Cardinal Sign or Cardinal Symptom

Inflammation Cardinal Sign

Inflammation is a local defense mechanism, exclusive of damaged mesenchymal tissues (connective tissue, bone and cartilaginous tissue, blood and lymphatic vessels, and tissue).

It is the local response of the damaged vascularized tissue, characterized by alterations of the vascular system, the liquid and cellular components, also by adaptations of the neighboring connective tissue.

There are some basic phenomena common to any type of inflammation and no matter what the inflammatory agent.

Although these phenomena are divided into five phases they all happen as a single, joint process, which makes inflammation a dynamic process.

Check out what these stages are and what happens most important in each one of them:

  • Irritative phase: Morphological and functional modifications of the damaged tissues occur that promote the release of chemical mediators, which will trigger the other inflammatory phases.
  • Vascular phase: hemodynamic changes of the circulation and vascular permeability at the site of the aggression.
  • Exudative phase: This phase is characteristic of the inflammatory process, and is formed by the cellular and plasma exudates (migration of fluids and cells to the inflammatory focus) from increased vascular permeability.
  • Degenerative-necrotic phase: composed of cells with reversible or non-reversible degenerative changes (in this case, originating a necrotic material), derived from the direct action of the aggressor agent or from the functional and anatomical modifications consequent to the previous three phases.
  • Productive-reparative phase: increase in the quantity of the tissue elements – mainly cells, result of the previous phases. The objective is to destroy the aggressor agent and repair the battered tissue.

Clinical Manifestations

There are also five classic signs of the inflammatory process, called Flogistic or Cardinal Signs.

They are: edema, heat, redness, pain and loss of function.

Edema is caused mainly by the exudative and productive-reparative phase, because of the increase of liquid and of cells.

The heat comes from the vascular phase, where there is arterial hyperemia (which is the increase of the blood volume in the local) and, consequently, increase of the local temperature.

Redness is redness, which also results from hyperemia.

Pain is caused by more complex mechanisms including compression of local nerve fibers due to edema, direct aggression to nerve fibers and pharmacological action on nerve endings. It involves at least three phases of inflammation (irritative, vascular and exudative).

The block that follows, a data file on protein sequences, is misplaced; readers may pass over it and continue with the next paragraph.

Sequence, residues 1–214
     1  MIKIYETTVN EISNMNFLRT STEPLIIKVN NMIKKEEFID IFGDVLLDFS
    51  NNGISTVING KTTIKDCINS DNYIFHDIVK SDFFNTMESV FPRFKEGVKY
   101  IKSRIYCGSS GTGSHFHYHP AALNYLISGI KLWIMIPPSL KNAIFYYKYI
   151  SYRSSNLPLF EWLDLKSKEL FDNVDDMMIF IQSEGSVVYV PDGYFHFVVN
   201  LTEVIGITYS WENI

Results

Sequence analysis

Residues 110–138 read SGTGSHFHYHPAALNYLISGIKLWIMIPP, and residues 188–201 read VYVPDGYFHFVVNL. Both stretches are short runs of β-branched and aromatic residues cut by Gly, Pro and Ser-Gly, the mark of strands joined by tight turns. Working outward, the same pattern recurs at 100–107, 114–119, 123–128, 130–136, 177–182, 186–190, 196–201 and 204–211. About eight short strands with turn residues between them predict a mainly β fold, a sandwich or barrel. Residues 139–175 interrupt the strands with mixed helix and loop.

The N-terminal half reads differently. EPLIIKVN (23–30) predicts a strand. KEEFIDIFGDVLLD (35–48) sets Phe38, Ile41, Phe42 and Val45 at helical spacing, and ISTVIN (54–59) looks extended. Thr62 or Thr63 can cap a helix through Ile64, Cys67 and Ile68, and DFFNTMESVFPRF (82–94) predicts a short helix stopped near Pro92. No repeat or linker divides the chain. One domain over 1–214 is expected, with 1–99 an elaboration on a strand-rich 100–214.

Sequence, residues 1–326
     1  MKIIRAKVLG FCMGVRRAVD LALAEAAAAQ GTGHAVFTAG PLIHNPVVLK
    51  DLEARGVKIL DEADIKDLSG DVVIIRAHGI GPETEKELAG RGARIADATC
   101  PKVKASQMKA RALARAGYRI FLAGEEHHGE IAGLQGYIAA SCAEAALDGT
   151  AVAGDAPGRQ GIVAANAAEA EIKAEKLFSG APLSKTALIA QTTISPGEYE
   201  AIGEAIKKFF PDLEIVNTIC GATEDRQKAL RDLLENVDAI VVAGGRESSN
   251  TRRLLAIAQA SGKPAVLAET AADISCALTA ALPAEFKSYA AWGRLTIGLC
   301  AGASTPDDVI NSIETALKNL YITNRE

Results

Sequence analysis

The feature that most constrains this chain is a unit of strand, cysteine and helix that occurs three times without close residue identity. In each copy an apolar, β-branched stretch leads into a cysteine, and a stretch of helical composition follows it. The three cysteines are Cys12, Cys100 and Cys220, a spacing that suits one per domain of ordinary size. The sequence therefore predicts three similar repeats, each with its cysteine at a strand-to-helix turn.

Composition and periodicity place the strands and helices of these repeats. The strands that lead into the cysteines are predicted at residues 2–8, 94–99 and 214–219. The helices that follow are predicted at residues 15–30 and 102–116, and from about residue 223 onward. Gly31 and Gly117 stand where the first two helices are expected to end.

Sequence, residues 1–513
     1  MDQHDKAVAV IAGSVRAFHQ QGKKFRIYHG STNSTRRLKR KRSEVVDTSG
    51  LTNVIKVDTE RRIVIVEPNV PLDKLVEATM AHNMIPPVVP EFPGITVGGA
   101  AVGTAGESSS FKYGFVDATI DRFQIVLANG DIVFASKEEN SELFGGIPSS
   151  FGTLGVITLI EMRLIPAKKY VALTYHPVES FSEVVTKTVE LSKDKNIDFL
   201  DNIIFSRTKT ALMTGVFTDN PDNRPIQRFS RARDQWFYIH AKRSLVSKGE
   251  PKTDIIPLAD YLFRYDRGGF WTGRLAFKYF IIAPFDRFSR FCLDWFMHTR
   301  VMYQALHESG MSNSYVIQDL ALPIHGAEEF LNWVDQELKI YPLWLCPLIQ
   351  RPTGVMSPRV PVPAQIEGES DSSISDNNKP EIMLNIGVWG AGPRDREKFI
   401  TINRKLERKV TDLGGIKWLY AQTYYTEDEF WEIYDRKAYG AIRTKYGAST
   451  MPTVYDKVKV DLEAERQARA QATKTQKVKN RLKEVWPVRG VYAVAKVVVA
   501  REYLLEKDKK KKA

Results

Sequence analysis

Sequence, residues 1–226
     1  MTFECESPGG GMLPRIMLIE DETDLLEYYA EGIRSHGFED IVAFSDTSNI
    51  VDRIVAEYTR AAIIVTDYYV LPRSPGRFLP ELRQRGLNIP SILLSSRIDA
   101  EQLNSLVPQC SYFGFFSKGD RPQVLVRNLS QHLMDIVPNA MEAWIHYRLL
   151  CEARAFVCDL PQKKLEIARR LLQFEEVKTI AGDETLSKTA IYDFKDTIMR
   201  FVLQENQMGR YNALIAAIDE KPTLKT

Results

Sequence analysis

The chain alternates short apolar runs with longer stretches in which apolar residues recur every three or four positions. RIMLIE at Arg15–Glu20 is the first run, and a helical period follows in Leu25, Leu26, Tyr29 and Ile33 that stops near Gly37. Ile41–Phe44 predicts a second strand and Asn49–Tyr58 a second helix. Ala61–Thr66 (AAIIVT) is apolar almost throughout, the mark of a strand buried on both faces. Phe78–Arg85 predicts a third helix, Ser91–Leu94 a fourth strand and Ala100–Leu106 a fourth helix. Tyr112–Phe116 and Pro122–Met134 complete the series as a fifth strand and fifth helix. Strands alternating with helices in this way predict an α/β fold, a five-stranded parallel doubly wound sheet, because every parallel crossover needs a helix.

Finally, loss of function is due to edema (especially in joints, preventing movement) and pain, which hamper local activities.

Nursing Care with the presence of Cardinal Sign

Health-care-related infections are considered preventable by simple measures, with proper hand washing (considered the most efficient measure of prevention) before and after all procedures.

They are the hands that carry the largest number of microorganisms to patients, through direct contact, procedures or the handling of objects. Employee training can improve the knowledge of techniques, increase the quality of care provided to the patient, and decrease the rate of infections related to peripheral or central catheters.

The catheter may be colonized by microorganisms on its external surface, by the subcutaneous tunnel of the surrounding skin or by the microbiota itself, by the hands of contaminated professionals and antiseptics, as the higher the number of bacteria, the greater the likelihood of infection .

There are important risk factors associated with the use of intravascular catheters, which may be related to the host such as: primary diagnosis (baseline disease), comorbidities, antibiotic therapy (dose and duration), use of immunosuppressants and length of stay. And related to the catheter: the type of catheter implanted, technique of insertion of the catheter, length of stay, place of insertion and care with the catheter (with the dressing).

In the presence of a suspicion of infection related to a peripheral or central catheter, the tip of the catheter should be removed, upon request of a medical prescription (when polyurethane, teflon or silicone, which are more recommended because they are thrombogenic materials) and request order to examine catheter tip cultures and refer them to the laboratory.

It can be done through the exudate with staining by the Gram method and submitted to culture, if there are phlogistic signs at the insertion of the catheter.

Performing a dressing with aseptic technique in place removed the catheter in order to prevent the proliferation of bacterial infection in other locations.